Monday, April 22, 2024

Exclusive: Kanye’s $300 Per Ticket “Opera” at Lincoln Center Was One Hour Long, Audience Split The Minute It Ended


Kanye West’s “opera” at David Geffen Hall, aka Avery Fisher Hall at Lincoln Center was supposed to start at 8pm last night. “Mary,” named for the virgin mother, began instead at 9:15pm. But okay, we know it’s Kanye.

“Mary” is not an opera. It’s maybe an oratorio, or just a piece of eccentric entertainment. It does not meet the minimum requirement for an opera. The characters aren’t delineated and it has no songs. It has no actual dialogue, either.

Last night, “Mary” played to a full house nonetheless. People paid $300 to sit in the orchestra, $200 to sit upstairs. It lasted exactly one hour. When it over, I have never seen a theater clear out so quickly in all my life. Poof! they were gone. Gone.That was a lot of money for one hour.

“Mary” retells the story of Jesus’s virgin conception and birth. Kanye narrated, reading the libretto aloud. It sounded like he’d never seen the words before at all. He stumbled over them, mispronouncing several including the word “Israel.” He called “Is-rah-eel.” Yikes.

At one point, Kanye shouted over the music: “No trumpet here.” The audience broke into laughter.

Most of the music– none of which Kanye wrote– was provided by a very large, enthusiastic choir. They actually provided a lovely harmonic background to the proceedings. But that is not an opera. In an opera, characters emerge to tell a story. They have songs, there are musical themes. “Mary” lacked all of that. So we were basically left with Kanye’s awkward reading of the libretto, and the choir’s repetitive harmonic underpinning.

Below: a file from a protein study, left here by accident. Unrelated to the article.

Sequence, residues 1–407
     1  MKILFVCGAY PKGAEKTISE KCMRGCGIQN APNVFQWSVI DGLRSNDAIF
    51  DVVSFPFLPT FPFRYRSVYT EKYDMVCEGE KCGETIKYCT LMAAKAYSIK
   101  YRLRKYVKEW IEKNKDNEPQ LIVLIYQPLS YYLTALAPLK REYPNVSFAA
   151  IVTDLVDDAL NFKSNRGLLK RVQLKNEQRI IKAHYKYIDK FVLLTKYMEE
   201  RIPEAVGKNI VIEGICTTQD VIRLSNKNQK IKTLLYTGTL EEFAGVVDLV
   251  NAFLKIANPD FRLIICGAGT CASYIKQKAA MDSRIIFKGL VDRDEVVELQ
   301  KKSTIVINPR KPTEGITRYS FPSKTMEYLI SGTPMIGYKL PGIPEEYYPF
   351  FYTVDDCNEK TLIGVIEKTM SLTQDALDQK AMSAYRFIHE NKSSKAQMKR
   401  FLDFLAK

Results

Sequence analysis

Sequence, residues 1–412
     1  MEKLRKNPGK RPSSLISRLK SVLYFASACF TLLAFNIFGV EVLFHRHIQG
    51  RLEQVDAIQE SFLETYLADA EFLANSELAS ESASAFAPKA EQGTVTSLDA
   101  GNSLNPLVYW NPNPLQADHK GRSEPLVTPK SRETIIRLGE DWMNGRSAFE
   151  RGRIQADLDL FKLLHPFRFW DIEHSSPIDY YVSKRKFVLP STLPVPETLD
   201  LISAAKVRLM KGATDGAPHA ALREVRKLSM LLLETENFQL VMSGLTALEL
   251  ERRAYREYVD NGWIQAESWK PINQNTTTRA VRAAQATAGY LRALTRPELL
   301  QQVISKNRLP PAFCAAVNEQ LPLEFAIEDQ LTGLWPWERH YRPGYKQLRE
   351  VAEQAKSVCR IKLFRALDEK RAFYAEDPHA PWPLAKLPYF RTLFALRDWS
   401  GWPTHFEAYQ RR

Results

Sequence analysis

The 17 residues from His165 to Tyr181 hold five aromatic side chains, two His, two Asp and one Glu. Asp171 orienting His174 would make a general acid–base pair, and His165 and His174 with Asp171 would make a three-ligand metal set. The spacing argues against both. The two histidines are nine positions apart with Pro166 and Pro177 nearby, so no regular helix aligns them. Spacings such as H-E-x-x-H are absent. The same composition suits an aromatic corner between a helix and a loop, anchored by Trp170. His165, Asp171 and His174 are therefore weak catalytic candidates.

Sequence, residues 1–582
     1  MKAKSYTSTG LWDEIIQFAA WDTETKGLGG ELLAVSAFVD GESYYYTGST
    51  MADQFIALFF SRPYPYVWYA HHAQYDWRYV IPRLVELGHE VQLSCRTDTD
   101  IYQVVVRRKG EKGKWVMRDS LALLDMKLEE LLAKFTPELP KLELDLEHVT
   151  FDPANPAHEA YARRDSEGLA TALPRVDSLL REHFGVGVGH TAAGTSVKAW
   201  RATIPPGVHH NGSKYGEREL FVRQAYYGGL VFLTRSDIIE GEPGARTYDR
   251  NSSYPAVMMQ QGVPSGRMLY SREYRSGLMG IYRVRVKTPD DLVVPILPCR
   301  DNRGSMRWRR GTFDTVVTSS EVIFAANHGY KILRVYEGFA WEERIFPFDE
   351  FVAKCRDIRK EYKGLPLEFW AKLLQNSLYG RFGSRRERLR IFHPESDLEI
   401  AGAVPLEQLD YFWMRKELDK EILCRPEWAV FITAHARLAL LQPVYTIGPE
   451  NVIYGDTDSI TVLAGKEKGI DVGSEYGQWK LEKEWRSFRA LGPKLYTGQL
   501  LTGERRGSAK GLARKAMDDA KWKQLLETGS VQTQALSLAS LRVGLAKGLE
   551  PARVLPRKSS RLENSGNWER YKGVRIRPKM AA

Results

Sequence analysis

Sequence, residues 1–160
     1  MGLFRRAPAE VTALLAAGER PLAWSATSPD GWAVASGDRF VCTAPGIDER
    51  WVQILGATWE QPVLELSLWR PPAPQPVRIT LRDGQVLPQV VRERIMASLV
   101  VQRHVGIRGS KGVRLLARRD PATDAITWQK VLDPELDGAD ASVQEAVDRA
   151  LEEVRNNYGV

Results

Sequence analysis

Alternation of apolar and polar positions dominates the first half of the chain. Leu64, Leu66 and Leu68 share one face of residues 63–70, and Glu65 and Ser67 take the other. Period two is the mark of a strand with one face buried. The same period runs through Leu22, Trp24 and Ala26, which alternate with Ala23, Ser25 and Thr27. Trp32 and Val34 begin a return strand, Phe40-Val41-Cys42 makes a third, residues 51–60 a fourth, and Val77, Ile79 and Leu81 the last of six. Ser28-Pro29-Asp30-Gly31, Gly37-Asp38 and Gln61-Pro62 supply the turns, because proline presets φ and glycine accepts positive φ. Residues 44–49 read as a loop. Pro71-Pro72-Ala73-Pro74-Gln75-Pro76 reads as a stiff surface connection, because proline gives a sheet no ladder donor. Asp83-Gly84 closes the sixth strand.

The orchestra, I was told later, combined three local bands, none of whom had played together before last night. That said, they meshed together for a kind of interesting interweaving of jazz, gospel, and Broadway. The horn section plays with Celine Dion, I was told.

You must take this seriously. Even though Kanye didn’t write or direct the show, or write the music, he is its impresario. He gave away 300 tickets to a children’s charity to fill the room. He may have given away more than that to other groups. Let’s say he sold 2,000 seats at $300 a pop. That’s not enough to pay for this extravaganza. Did he underwrite it? Unclear.

Some notes: It was the first time I’ve ever smelled pot in Avery Fisher Hall. I asked an usher who agreed, it was a first. The smell was pungent. Even though the show was scheduled for 8pm officially, people were wandering in after 9:15. Did they just guess? Good for them. There were at least 4 long, long lines for beverages, mostly alcoholic, in the orchestra lobby. They were still serving guests when the show started. The only celebrity I saw was Michael Che from “Saturday Night Live.” Maybe there were others.

When the lights went down, West’s small children — North and Saint– were apparently seated in the front row. They began shouting at the darkened stage, prompting people near them in the audience to shout back. This went on for some time.

Will Kanye offer an album of his various operas? Or videos? He should. The cumulative effect can only be dealt with that way. But again, if his fans want to pay for the tickets, why not try this and a lot of other stage presentations? They take a leap of faith and a lot of chutzpah. He has the capacity for mountains of each.


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Roger Friedman
Roger Friedman
Roger Friedman began his Showbiz411 column in April 2009 after 10 years with Fox News, where he created the Fox411 column. His movie reviews are carried by Rotten Tomatoes, and he is a member of both the movie and TV branches of the Critics Choice Awards. His articles have appeared in dozens of publications over the years including New York Magazine, where he wrote the Intelligencer column in the mid 90s and covered the OJ Simpson trial, and Fox News (when it wasn't so crazy) where he covered Michael Jackson. He is also the writer and co-producer of "Only the Strong Survive," a selection of the Cannes, Sundance, and Telluride Film festivals, directed by DA Pennebaker and Chris Hegedus.

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